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5 Things to Know About an NDA in a Business Sale

Jonah Pollone

Sellers Seller Articles Seller FAQ

If you've been thinking about selling your business, you've probably heard of the importance of keeping the sale confidential, or not letting word get out. 

The idea of sharing information about your business with prospective buyers might worry you.

Enter the non-disclosure agreement (NDA), a tool used to help filter for quality buyers and protect your information. 

At MidStreet, we require each prospective buyer to sign an NDA and fill out a questionnaire before we disclose information about any of our business listings. This process has helped us achieve zero breaches of confidentiality in the history of our company.  

This article will explain what a non-disclosure agreement is, why it’s important, and how it can prevent knowledge of the sale from falling into the wrong hands. You will be able to use this information to protect your confidentiality and sell your business successfully. 

Let’s jump in. 

1. What is a Non-Disclosure Agreement in The Sale of a Business? 

A non-disclosure agreement (NDA) prevents buyers from leaking information about your company during the sale of your business by legally binding them to keep what they learn about the business confidential

The NDA stops prospective buyers from telling people who could potentially leak the information to customers, competitors, or employees, which could threaten the stability of your business and the sale. 

Read this article about why maintaining confidentiality in your business sale is important: “Confidentiality When Selling Your Business: The Ultimate Guide.” 

2. Who Drafts The NDA and Who Signs it?

Once your business is listed on broker sites, merger and acquisition sites, or online business listing sites such as bizbuysell.com, buyers will inquire. 

As part of the buyer vetting process, prospective buyers will be asked to sign an NDA and fill out a buyer questionnaire. 

Buyer Vetting Process in Business Sale

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The NDA is usually provided by your broker and then reviewed by your attorney, but your attorney can also draft one for you if you would like.

If you aren’t represented by a broker or M&A advisor, you can also find an NDA online and have your attorney review it. Regardless of where you get your NDA, you should have your legal counsel review it to ensure that it does not contain language that legally binds you to terms you do not explicitly agree to. 

3. Why is a Non-Disclosure Agreement Important?

As we mentioned above, a non-disclosure agreement will protect the confidentiality of your sale. The NDA reduces the likelihood that customers and employees leave, stabilizing the business. 

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Even if you trust a buyer, you should still have them sign an NDA. This ensures that if something goes wrong and information is leaked, you are protected.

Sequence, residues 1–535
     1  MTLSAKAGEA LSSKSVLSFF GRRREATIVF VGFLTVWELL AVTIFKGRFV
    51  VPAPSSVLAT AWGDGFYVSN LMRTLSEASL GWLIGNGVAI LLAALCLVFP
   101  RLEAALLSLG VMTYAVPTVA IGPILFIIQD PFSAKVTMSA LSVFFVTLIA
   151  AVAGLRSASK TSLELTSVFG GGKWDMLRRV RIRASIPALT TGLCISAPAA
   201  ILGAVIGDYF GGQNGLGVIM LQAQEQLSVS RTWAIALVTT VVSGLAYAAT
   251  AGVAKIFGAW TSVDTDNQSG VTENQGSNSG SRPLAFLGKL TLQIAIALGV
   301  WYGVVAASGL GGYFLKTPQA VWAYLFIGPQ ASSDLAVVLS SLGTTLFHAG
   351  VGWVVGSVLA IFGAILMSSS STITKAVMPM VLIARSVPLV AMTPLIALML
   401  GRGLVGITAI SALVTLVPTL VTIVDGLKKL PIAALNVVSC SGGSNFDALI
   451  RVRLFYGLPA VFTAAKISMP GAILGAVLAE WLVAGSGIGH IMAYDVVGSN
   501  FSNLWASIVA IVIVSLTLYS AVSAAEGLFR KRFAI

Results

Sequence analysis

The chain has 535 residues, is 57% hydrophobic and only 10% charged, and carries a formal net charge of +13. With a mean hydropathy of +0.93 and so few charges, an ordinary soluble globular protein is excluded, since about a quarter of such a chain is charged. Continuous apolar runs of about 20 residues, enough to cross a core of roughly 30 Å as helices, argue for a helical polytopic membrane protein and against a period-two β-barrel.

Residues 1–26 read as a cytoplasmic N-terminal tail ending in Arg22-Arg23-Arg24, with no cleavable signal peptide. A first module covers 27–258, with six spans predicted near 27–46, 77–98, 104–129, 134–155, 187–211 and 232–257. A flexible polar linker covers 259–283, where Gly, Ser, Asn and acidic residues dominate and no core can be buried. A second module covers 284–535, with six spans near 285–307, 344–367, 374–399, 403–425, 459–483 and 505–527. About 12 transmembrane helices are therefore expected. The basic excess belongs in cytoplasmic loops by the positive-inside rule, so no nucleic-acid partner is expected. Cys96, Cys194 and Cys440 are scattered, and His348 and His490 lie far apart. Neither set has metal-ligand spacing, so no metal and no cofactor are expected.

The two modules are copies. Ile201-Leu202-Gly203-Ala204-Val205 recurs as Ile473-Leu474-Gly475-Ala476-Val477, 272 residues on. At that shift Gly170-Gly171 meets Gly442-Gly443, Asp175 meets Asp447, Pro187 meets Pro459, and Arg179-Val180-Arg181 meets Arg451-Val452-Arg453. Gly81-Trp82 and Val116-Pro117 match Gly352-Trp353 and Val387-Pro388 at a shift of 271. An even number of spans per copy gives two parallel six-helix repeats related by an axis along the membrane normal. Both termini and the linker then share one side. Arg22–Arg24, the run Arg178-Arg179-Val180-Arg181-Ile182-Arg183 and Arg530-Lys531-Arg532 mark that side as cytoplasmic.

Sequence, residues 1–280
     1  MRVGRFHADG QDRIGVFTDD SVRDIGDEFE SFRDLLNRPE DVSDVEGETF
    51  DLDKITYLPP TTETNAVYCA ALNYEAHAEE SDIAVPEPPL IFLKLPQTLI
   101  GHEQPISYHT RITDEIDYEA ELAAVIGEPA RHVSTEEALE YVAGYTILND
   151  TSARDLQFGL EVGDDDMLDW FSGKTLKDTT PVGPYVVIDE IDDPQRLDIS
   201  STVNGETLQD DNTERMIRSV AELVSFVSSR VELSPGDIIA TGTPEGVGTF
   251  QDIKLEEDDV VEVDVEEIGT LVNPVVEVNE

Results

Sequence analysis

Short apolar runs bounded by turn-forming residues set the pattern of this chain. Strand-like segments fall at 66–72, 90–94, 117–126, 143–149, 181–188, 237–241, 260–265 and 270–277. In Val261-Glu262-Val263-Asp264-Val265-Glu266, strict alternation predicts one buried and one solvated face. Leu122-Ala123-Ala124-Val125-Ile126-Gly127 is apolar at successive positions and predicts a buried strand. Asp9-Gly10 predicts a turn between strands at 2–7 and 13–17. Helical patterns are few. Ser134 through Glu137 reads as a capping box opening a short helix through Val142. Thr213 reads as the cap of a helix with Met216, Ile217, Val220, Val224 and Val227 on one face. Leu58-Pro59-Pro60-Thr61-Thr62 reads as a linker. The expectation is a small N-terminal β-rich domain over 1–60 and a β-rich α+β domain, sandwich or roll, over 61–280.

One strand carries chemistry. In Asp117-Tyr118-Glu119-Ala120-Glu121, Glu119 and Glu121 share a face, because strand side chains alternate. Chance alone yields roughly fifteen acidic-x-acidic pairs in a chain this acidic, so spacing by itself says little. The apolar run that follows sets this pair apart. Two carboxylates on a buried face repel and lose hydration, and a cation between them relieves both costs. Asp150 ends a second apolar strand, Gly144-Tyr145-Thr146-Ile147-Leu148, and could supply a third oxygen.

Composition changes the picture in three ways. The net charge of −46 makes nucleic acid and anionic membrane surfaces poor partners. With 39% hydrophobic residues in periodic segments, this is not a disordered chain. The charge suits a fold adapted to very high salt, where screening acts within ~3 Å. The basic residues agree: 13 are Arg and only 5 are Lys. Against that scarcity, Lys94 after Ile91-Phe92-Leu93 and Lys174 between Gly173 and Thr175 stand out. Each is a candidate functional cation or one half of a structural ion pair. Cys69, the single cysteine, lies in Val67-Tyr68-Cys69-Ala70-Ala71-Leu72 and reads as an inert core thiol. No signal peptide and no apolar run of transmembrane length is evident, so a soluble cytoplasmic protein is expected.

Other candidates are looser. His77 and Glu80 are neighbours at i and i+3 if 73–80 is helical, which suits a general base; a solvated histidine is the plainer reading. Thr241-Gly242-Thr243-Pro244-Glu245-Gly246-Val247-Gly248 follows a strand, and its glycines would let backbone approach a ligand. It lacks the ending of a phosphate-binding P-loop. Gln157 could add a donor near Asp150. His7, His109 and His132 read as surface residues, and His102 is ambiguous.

Non-disclosure agreements also serve as a way to remind buyers of the promise they are making to keep your information confidential and the repercussions they will face if they don’t. 

NDA’s can be tough to enforce since it’s often difficult to determine where the leak of information came from. However, although NDA’s can be difficult to enforce, they are still a crucial part of the buyer vetting process. 

If a buyer does not sign an NDA, they can legally do whatever they want with the information they learn about your sale. 

Non-disclosure agreements can also help build anticipation to learn more about your business. 

4. What Information Does an NDA Contain?

A non-disclosure agreement will usually cover the following items: 

  • A non-solicitation period
  • The broker’s role/ the advisor’s disclaimer 
  • Use of information 
  • Return of information 
  • Exceptions for certain information 
  • No obligation 
  • Circumvention 
  • Term 

Knowing what an NDA typically includes will help you determine what parts of your NDA you are and are not willing to negotiate.  

5. Can a Non-Disclosure Agreement be Negotiated? 

Are the terms of an NDA usually negotiated? 

It will come down to the size of your business and each buyer. 

For larger deals, some buyers will have attorneys on staff to review the legal documents such as NDA’s. If there are any terms they want to negotiate, they will redline the NDA and send it back. 

However, as the seller, you will ultimately get to choose if you agree to a buyer’s revisions on your NDA. In some cases, negotiation of the NDA’s terms can set the tone for negotiations throughout the entire deal. 

If the buyer suggests large revisions to the NDA and you accept all of them, they may feel as though they have the upper hand in negotiations. If you accept a few suggestions and push back on some, it can warrant more respect from the buyer for future negotiations. 

What if you don’t want to agree to any of the suggested terms? 

You can decline the revisions and the buyer may still sign the NDA. Use your own judgment based on how good of a fit you feel the buyer is for your business. 

Protect The Confidentiality of Your Sale With an NDA

The confidentiality of your sale is important, which is why it is key that you have prospective buyers sign a non-disclosure agreement to keep information about your sale private. 

Now that you know what an NDA is, why it is useful, and how it can protect your confidentiality, the next step is learning how to properly vet buyers.

Find out more about the different types of buyers that could purchase your business by reading our blog “The 5 Types of Buyers for Your Business” 

If you are interested in selling your business and want to learn about how you can maintain your confidentiality, call us at MidStreet Mergers & Acquisitions today.  

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